“It’s close to Bayfield, and I have been there. That town is the launching point for the Apostle Islands, where I learned to sail.

“A piece of your history I don’t know about. Hmm. Could be interesting.”

“We could take a car ferry to the largest of the Apostles, called Madeline Island,” I proposed. “I haven’t done that, because our Sailing Club rented boats and departed right from the Bayfield marina.”

Gunter warmed up to the idea, so we blocked three days off our calendar—Monday-Wednesday, August 10-12—for which we had no commitments. Basically, we would need to book a safe place to stay for two nights. Other than that, we’d play it by ear, keeping to the back roads of rural Wisconsin as much as we could, stopping at small towns along the way. Gunter and I embrace the concept of slow travel; we like to make memories instead of rushing to destinations. That way, we can expect the unexpected.

We’d be traveling across Northern Wisconsin from west to east, through counties in which COVID-19 fatalities were in the range of 0-10. (Our county, Polk, has only two fatalities since March so we’ve become accustomed to low numbers; here we have a .005% chance of dying from this disease. We didn’t want to increase our risk. My task was finding a hotel or B&B that had safe procedures in place. Through my internet search, I came across Timber Baron Inn, a secluded forest get-away that serves up to eight guests. Breakfasts would be delivered to the rooms and they maintain strict cleaning policies. Bingo!

Timber Baron Inn photo Timber Baron inn, back view.

We set out to drive the rolling hills and lush green valleys of Wisconsin under a cobalt blue sky and puffy white clouds—a perfect morning with temps in the low seventies. Our SUV was stocked with a well-balanced diet of caffeine, salt, and sugar. We would stop along the way for “real food.”

Spooner. Our first stop was the town of Spooner in Washburn County. At the River Street Family Restaurant we enjoyed a late breakfast of bacon, eggs, and homemade potato fries. There was not a mask in sight! Spooner, with a population of 2700, calls itself the Crossroads of the North, because Hwy 53 and Hwy 63 meet there. But in the past, it was a busy railroad hub. The Wisconsin Great Northern Railroad still operates a historic train line centered in Trego on 26 miles of track, between Spooner and Springbrook. The Railroad Memories Museum, unfortunately, was closed due to COVID. We stopped at a wood-carving museum instead where we garnered advice about putting a bear statue atop our high oak tree stump.

Hayward. From there, we followed the Namekagon River, part of the St. Croix National Scenic Riverway, to Hayward, Wisconsin, 2300 population. The county seat of Sawyer County, Hayward is best known for its chain of fishing lakes. It is home to the National Fresh Water Fishing Hall of Fame. That facility contains a 143-foot (44 m) musky, the world’s largest fiberglass structure. It is also known for the Lumberjack World Championships, an event I attended one summer with Gunter and his sister Helga.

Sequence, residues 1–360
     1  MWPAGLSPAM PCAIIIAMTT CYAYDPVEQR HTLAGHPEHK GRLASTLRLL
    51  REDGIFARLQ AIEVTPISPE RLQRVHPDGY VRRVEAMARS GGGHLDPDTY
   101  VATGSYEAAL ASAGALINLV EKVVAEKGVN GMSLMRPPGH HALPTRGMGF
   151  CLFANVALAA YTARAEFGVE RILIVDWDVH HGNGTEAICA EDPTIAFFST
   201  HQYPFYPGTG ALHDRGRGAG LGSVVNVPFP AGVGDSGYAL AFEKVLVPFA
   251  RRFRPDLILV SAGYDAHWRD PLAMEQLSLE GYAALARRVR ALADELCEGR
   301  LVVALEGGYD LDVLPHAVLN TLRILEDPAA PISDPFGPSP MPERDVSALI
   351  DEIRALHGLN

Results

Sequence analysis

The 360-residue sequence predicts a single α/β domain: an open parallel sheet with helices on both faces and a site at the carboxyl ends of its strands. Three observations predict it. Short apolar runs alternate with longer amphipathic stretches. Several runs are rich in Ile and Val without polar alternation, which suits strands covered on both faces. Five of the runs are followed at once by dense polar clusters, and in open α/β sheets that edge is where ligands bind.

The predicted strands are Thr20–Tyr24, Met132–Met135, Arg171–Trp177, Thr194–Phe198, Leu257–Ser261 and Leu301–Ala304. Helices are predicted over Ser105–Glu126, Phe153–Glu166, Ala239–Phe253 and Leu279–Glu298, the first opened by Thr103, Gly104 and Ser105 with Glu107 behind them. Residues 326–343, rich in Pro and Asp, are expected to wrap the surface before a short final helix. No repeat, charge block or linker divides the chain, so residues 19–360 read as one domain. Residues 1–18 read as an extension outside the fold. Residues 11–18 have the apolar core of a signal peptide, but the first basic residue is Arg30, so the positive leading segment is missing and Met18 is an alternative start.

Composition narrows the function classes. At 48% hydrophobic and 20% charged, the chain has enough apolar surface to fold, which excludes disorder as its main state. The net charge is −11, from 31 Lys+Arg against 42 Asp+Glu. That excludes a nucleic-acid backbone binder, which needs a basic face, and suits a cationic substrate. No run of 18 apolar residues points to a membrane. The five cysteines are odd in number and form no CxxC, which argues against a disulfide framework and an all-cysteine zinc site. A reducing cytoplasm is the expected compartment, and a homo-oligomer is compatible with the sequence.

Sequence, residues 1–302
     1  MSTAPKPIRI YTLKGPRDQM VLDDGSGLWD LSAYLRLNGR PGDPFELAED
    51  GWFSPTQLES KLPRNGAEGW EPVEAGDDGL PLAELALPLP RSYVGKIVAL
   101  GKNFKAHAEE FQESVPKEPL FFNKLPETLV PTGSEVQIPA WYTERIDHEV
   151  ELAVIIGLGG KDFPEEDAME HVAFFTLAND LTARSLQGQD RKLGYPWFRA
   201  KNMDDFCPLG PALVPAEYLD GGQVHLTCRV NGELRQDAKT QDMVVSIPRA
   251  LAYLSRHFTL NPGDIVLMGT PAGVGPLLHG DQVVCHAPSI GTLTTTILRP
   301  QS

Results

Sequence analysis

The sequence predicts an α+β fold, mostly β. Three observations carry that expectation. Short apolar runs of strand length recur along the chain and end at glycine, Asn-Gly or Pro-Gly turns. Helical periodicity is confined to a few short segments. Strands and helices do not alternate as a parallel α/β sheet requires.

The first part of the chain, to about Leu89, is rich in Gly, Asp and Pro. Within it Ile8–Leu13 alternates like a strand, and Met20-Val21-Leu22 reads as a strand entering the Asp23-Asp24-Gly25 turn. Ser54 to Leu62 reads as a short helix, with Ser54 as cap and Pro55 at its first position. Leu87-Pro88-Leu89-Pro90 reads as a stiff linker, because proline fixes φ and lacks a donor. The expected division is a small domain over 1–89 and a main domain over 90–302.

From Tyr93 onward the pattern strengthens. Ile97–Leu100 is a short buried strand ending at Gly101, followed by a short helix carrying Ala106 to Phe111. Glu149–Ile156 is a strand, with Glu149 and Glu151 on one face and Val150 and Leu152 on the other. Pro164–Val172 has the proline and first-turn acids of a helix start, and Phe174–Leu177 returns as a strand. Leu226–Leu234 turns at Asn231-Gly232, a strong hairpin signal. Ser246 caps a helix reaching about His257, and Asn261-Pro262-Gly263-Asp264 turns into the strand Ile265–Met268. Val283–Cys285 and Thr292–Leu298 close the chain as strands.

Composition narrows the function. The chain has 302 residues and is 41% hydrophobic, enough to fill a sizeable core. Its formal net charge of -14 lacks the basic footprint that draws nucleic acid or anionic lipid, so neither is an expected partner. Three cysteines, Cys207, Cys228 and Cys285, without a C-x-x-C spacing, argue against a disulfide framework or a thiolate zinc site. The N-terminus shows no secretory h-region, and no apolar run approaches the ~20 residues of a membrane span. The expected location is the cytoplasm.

Ashland. Our next stop was Ashland, Wisconsin, 50 miles away on the shores of Lake Superior. This port city of 8200 is known as the Historic Mural Capital of Wisconsin, where the ghosts of the past appear in living color. Strolling through Ashland’s lively business district was a treat: I loved walking past all the old brick and brownstone buildings—still open for business. Along the way, we stopped to view more than a dozen murals depicting the city’s history.

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Ashland has been a working trade town, ever since French fur traders Radisson and Chouart landed on its shores in 1659 and built a shack that became the first European dwelling in Wisconsin. Two hundred years later, Chequamegon Bay was filled with rafts of cut timber and boats ferrying locally quarried brownstone to the cities in the east. Later, when the Upper Peninsula’s Gogebic Range began producing iron ore, freighters carried it out of Ashland’s docks. Now, none of those docks remain.

Before leaving town, we filled up at a rare gas station—with a beach. Lake Superior stretched out in front of us, for as far as the eye could see. This magnificent lake is the largest of the Great Lakes of North America, the world’s largest freshwater lake by surface area (31,700 square miles), and the third largest by volume. There, we sauntered along the Lake Superior shoreline, stopping occasionally to photograph sun-struck, red-iron boulders and wave-weathered driftwood. Afterward, we sat there for a while, thinking about that busy port of long ago. I turned toward Gunter. “This lake looks calm right now. But did you know that she’s dangerous? She caused about 350 shipwrecks and she’s known for keeping her dead in the deep? I had his attention. “Yes, over 10,000 lives have been lost in these waters.”

Lakeshore Superior

Lakeshore, Superior.

Lake Superior boulder

Lake Superior boulder.

During a road trip in America, one must down at least one big burger. We fulfilled that goal on the way from Ashland to Bayfield. I picked up my burger so Gunter could take the photo. I tried to take a bite, but it wouldn’t fit into my mouth!

Big Burger

Big Burger.

We drove through the town of Washburn and followed the GPS where it said to turn, three miles south of Bayfield to Ski Hill. I could understand how this road got its name! We drove up and up and up, to the foot of Mt. Ashwabay, and took a left onto a long dirt driveway. There it was—The Timber Baron Inn, our secluded forest getaway. Through the trees, one could see the waves of Lake Superior dancing under the sun.

Ski Hill

Ski Hill.

Sunrise view

Sunrise view through our window.